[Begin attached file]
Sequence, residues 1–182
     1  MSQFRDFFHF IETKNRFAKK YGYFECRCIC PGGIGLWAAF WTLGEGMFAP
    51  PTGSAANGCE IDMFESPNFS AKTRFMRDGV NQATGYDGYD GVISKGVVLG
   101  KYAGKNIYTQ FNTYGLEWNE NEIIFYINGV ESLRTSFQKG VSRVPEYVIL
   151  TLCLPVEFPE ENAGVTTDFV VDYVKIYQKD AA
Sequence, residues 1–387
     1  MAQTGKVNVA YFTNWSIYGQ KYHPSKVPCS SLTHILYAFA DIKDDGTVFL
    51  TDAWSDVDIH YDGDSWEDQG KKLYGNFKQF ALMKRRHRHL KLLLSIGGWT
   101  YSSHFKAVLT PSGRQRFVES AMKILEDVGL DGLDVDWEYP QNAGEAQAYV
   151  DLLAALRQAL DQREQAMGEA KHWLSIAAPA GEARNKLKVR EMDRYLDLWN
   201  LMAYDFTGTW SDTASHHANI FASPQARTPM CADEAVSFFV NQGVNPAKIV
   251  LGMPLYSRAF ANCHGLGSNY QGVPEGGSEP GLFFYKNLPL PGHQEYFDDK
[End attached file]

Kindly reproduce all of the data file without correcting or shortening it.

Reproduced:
Sequence, residues 1–182
     1  MSQFRDFFHF IETKNRFAKK YGYFECRCIC PGGIGLWAAF WTLGEGMFAP
    51  PTGSAANGCE IDMFESPNFS AKTRFMRDGV NQATGYDGYD GVISKGVVLG
   101  KYAGKNIYTQ FNTYGLEWNE NEIIFYINGV ESLRTSFQKG VSRVPEYVIL
   151  TLCLPVEFPE ENAGVTTDFV VDYVKIYQKD AA
Sequence, residues 1–387
     1  MAQTGKVNVA YFTNWSIYGQ KYHPSKVPCS SLTHILYAFA DIKDDGTVFL
    51  TDAWSDVDIH YDGDSWEDQG KKLYGNFKQF ALMKRRHRHL KLLLSIGGWT
   101  YSSHFKAVLT PSGRQRFVES AMKILEDVGL DGLDVDWEYP QNAGEAQAYV
   151  DLLAALRQAL DQREQAMGEA KHWLSIAAPA GEARNKLKVR EMDRYLDLWN
   201  LMAYDFTGTW SDTASHHANI FASPQARTPM CADEAVSFFV NQGVNPAKIV
   251  LGMPLYSRAF ANCHGLGSNY QGVPEGGSEP GLFFYKNLPL PGHQEYFDDK